A subtle scent, usually in the form of smokeless incense. Something that's tender on the lungs and encourages me to inhale more fully / soften more sweetly.
Sound and music, which comes in the form of a well curated playlist. Intentional background noise helps to tone the heartbeat of the practice. I steer more towards instrumental music these days, but lyrics can also land powerfully and emotionally when in motion or at rest.
In terms of advice for those seeking to create their own at home practice, it truly depends on an individual's current needs. Navigating this virtual-sphere of practicing at home has landed so differently for all, presenting a mix of joys and challenges. We are all essentially 'home bodies' that crave privacy, space, and tender loving care, therefore a screened-in zoom practice may not always meet those individual needs or circumstances. My Nurturing a Home Practice offering exists for this reason, to privately support individuals through the process of feeling more at home in their body.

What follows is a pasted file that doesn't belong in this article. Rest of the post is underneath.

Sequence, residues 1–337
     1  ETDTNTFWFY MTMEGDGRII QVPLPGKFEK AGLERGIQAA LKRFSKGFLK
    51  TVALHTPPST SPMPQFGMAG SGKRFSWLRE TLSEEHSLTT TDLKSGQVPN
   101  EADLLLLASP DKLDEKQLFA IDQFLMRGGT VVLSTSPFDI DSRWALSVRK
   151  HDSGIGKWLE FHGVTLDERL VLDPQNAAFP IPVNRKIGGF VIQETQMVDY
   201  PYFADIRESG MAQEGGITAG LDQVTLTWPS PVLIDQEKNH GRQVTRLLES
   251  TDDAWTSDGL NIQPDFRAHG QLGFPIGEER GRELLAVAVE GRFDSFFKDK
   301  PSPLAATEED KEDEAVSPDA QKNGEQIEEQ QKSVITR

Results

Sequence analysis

If you could have a tea or take a Boketto moment (a moment of daydreaming and of rest) with any person dead or alive who would it be? What kind of tea would you have?
I'd walk through fields of flowers with Nina Simone, sing alongside Stevie Nicks while driving down the PCH, and enjoy sunset empanadas with strangers on the beach. As for tea, it would be something floral and under the sun with a loved one.
What does a moment of rest, recharging, or nourishment look like for you?
True and purposeful rest is the body in a horizontal state without noise or distraction. The deepest layer of rest is cycling through breath patterns that support a parasympathetic response from the nervous system. Blankets and layers of warmth and comfort are usually involved, to feel held and cocooned.
Recharging is temporarily removing myself from a stimulating environment and settling into a more introspective environment, ideally surrounded by nature (or elements of it). As a water creature, the ocean usually serves to recharge me quite well.
Nourishment is a warm bowl of beans and greens with extra virgin olive oil and something funky like furikake or pickled mustard seeds. A little dash of hot sauce and all is swell.
What's something you want people to know about you that I wouldn't think to ask.
That I'm silly under the surface and can put down some carrot cake.
Cancer / Virgo / Libra